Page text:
Rainforests might survive after all, says new study

A new study shows that while rainforests continue to face threats, certain areas are seeing a decline in deforestation, offering a glimmer of hope for their future.

Benji Jones reports for Vox.


In short:

  • Tropical forests lost more than 9 million acres last year, equivalent to 10 soccer fields per minute, with deforestation primarily driven by agriculture.
  • Recent declines in forest loss in Colombia, Brazil, and Indonesia highlight the impact of effective laws and governance in protecting these critical ecosystems.
  • The World Resources Institute's analysis points to a stubborn consistency in the rate of primary forest loss, stressing the need for continued vigilance.

Key quote:

"We have the opportunity again of being a champion on climate, and Lula has promised to do that."

— Ana Paula Vargas, Brazil Program Director at Amazon Watch

Why this matters:

Rainforests, often dubbed the lungs of the Earth, are under significant threat from deforestation, a process that not only affects biodiversity but also has profound implications for local communities. These ecosystems are biodiversity hotspots, hosting over half of the world's plant and animal species in their dense, green canopies. When trees are cut down, it doesn't just result in habitat loss; it also disrupts intricate ecological networks, pushing numerous species towards extinction.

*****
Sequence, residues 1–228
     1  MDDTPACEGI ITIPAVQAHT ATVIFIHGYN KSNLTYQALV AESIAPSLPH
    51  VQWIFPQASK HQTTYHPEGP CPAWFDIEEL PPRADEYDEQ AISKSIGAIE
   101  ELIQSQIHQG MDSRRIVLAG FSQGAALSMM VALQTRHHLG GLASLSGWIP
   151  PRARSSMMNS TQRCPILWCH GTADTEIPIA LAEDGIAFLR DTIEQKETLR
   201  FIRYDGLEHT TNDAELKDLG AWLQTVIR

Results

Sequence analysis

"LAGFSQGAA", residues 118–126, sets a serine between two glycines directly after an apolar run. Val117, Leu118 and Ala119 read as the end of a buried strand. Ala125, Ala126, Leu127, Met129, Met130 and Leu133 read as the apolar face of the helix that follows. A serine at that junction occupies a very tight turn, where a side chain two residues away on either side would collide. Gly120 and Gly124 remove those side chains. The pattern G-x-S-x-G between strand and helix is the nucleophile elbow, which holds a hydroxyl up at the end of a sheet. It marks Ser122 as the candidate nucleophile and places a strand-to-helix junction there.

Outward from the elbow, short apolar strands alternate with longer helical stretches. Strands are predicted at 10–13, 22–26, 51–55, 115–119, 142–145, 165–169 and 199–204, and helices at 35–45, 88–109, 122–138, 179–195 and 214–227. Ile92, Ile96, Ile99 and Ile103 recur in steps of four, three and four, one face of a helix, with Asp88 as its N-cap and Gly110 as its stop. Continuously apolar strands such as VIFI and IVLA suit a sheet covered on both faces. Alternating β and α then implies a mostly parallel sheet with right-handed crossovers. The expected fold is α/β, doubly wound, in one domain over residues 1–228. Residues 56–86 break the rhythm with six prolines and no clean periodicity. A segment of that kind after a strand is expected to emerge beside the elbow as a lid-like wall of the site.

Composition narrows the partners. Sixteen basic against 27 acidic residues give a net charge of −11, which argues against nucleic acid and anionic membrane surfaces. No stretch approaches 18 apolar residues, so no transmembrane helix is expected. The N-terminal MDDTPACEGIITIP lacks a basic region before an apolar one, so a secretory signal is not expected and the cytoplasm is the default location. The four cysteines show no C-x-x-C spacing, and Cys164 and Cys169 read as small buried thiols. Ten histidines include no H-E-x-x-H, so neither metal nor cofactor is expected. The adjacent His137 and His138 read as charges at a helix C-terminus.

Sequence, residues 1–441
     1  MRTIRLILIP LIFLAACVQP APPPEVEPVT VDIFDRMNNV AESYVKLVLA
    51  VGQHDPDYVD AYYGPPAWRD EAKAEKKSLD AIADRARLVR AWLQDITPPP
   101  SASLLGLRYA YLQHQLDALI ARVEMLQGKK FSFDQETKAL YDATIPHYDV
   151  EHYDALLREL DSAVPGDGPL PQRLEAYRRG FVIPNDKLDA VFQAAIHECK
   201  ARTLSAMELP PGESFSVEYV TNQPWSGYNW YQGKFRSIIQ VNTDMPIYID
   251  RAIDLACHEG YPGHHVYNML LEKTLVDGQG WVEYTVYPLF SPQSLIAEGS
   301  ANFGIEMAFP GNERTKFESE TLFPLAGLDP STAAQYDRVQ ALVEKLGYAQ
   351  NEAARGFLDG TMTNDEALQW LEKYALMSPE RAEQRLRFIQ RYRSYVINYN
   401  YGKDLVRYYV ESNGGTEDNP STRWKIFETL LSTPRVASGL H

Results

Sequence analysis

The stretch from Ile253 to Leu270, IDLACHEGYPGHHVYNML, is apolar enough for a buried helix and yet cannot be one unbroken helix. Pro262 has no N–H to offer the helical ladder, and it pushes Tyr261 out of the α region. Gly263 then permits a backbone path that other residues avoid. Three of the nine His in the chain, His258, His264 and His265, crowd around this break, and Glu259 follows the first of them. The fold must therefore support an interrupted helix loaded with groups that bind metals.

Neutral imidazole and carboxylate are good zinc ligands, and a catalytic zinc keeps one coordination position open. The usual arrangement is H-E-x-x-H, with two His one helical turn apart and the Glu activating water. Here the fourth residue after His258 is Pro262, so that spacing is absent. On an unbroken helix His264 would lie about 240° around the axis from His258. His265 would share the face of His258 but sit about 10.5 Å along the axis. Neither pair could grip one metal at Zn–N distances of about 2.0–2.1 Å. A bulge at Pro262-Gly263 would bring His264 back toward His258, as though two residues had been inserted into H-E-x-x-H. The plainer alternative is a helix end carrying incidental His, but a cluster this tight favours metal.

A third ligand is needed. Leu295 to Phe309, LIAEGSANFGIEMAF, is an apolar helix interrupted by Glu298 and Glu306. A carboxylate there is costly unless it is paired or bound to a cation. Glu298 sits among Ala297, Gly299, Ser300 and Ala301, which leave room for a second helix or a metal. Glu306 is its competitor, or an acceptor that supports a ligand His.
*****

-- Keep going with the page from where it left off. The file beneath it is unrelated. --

Are you a coffee drinker that cares about your environmental footprint? Buy shade-grown coffee, brew it by French press, and dispose of the coffee grounds in compost.

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